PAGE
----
The steamship S/S Letitia was built in Govan by the Fairfield Shipbuilding and Engineering Company. She launched in 1924. By 1925 she was part of the Anchor-Donaldson company and sailed between Glasgow, Montreal, and Quebec during the summer. In the winter months, she sailed to Halifax and St. John's.
The S/S Letitia became part of the Donaldson Atlantic Line in 1935 and that same year ran aground twice -- once at Cape Papas, Greece, and again entering the Belfast Lough.
The British Admiralty requisitioned the S/S Letitia in 1939. She was armed with eight 6-inch guns and two 3-inch guns and flew pennant F16. After performing convoy duty, the Admiralty decided ocean liners were too exposed and instead used the ship for transport duty starting in 1941. The S/S Letitia was badly damaged in 1943 and sailed to the U.S. for repairs. For the rest of the war she was used by the Canadian government to bring wounded soldiers home.
She was sold to the Ministry of Transport in 1946. The ministry renamed her the Empire Brent. A collision in the Mersey river required her to be dry docked for repairs. She was again turned into a troop transport and used between India and the Far East. In 1949 she began immigration runs between the U.K. and Australia.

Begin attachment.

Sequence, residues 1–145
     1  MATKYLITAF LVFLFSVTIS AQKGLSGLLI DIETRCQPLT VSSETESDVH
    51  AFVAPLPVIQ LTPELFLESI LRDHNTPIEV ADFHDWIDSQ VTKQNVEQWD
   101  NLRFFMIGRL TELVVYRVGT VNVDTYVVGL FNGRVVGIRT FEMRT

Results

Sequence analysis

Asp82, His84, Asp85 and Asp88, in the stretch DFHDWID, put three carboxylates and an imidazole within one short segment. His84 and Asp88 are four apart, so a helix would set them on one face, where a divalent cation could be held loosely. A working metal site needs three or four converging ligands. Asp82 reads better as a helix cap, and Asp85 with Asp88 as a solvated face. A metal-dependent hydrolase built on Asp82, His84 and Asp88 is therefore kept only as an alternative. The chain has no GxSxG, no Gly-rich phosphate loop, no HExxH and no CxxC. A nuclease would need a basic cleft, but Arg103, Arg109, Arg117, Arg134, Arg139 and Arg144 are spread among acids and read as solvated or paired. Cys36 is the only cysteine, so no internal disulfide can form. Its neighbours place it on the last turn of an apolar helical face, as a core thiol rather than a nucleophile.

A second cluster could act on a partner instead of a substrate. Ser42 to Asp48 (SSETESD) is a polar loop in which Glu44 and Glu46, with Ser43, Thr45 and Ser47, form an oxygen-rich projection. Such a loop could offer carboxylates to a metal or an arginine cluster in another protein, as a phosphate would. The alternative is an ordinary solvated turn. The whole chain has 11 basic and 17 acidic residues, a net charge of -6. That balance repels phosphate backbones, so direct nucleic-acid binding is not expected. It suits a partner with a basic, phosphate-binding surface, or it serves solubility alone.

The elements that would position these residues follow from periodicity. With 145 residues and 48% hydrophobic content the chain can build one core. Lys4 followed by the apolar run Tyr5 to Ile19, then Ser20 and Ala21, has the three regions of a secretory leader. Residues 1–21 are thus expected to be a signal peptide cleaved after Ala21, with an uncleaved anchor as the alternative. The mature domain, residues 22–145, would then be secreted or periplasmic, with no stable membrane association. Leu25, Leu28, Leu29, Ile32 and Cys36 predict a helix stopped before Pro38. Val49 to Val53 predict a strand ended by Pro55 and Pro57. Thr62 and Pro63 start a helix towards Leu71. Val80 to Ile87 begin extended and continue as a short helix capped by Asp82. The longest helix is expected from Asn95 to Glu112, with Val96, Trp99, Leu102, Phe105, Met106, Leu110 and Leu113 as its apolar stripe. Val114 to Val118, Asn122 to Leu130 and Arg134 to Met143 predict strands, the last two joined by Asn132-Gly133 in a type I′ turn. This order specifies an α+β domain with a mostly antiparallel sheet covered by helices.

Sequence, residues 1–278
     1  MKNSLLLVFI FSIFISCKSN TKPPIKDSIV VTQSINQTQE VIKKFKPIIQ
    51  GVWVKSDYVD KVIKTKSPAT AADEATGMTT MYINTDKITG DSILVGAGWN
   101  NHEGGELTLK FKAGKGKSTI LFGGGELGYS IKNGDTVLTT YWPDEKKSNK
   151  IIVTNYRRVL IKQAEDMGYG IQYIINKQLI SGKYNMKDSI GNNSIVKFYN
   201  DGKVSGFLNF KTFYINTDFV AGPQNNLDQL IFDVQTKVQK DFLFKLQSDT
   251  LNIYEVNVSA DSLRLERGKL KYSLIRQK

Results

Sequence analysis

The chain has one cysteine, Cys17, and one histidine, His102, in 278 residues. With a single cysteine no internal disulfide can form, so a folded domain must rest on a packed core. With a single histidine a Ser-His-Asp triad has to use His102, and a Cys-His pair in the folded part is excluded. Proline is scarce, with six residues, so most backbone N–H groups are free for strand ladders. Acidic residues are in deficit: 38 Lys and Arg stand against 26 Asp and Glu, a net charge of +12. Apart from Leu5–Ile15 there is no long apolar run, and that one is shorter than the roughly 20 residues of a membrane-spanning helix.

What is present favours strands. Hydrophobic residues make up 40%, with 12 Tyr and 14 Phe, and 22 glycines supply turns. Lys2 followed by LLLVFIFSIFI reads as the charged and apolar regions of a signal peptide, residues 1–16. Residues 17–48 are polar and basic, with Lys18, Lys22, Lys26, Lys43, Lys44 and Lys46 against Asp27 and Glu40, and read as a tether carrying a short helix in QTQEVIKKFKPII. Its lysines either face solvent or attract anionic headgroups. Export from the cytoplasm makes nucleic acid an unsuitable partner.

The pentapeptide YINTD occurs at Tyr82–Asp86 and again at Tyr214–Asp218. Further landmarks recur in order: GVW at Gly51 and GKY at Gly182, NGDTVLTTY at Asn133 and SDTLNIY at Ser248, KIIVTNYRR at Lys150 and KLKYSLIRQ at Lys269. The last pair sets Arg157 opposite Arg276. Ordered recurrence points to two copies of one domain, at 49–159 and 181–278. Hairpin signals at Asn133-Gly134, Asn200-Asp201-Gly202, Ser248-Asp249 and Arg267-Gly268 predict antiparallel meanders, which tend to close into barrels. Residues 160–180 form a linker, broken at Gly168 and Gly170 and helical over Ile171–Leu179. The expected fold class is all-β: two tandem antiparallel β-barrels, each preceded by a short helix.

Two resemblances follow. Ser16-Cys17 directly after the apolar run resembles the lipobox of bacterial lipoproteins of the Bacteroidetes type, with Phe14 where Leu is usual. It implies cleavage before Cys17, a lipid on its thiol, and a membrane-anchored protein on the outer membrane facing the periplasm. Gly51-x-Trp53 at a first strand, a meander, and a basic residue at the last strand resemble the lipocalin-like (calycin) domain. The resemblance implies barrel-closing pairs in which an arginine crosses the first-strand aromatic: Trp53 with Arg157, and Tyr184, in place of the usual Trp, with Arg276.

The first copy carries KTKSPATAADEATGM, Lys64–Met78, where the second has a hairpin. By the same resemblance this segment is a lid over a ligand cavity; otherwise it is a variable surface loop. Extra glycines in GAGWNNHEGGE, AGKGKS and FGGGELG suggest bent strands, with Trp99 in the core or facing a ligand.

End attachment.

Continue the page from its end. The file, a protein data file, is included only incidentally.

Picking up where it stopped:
|S/S/ Captain Cook in Wellington Harbor, New Zealand sometime in|
the 1950s; photograph courtesy of the National Library of New Zealand
In 1950 she was out of service for six months to be refitted for the U.K. to New Zealand run. She began sailing to Wellington via the Panama Canal in 1952 as the S/S Captain Cook. A fire broke out aboard her in Wellington Harbor in 1957 and caused extensive damage. She was able to limp back to the U.K. for repairs. She made her final return trip to Glasgow in 1959 and was laid up at Falmouth, Cornwall. In 1960 she was sold to British Steel. The company towed her to Inverkeithing where she was broken up.